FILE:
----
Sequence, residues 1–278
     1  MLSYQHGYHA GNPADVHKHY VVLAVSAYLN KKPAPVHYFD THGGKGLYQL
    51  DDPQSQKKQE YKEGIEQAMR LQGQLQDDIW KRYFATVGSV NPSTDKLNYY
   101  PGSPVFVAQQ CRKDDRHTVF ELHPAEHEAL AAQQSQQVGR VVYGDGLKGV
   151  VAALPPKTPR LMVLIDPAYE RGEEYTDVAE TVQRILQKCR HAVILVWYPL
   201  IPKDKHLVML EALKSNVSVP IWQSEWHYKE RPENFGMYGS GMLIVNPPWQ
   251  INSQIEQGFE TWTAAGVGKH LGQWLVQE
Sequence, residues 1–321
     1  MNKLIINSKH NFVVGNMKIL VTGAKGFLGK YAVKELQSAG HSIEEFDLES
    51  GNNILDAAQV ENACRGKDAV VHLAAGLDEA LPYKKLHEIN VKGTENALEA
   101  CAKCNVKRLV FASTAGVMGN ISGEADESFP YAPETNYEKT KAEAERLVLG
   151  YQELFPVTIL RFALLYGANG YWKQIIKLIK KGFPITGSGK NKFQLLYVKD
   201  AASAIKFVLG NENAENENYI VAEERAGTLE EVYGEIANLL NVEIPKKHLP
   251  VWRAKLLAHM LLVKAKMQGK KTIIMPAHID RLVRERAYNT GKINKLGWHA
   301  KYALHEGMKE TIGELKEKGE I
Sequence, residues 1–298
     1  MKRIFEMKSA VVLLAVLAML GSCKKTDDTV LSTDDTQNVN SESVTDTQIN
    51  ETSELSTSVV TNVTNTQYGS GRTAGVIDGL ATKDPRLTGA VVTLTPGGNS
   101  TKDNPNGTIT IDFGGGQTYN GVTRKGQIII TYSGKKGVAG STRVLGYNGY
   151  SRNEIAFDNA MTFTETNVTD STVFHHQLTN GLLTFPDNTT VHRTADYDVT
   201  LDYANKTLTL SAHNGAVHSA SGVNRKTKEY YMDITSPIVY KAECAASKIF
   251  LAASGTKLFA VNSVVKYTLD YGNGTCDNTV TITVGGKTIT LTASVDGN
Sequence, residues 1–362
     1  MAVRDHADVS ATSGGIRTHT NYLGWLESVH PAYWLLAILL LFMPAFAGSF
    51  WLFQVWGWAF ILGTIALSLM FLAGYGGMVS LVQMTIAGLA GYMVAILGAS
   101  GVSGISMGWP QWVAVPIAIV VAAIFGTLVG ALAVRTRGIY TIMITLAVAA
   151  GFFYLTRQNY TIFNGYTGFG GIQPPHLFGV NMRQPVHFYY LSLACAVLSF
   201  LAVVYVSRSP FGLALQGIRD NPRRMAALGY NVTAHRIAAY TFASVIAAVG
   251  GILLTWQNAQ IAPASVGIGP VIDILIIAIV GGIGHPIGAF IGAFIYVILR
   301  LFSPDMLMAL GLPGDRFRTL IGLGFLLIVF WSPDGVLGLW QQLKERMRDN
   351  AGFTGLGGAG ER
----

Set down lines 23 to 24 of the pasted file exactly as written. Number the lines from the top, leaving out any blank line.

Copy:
Sequence, residues 1–362
     1  MAVRDHADVS ATSGGIRTHT NYLGWLESVH PAYWLLAILL LFMPAFAGSF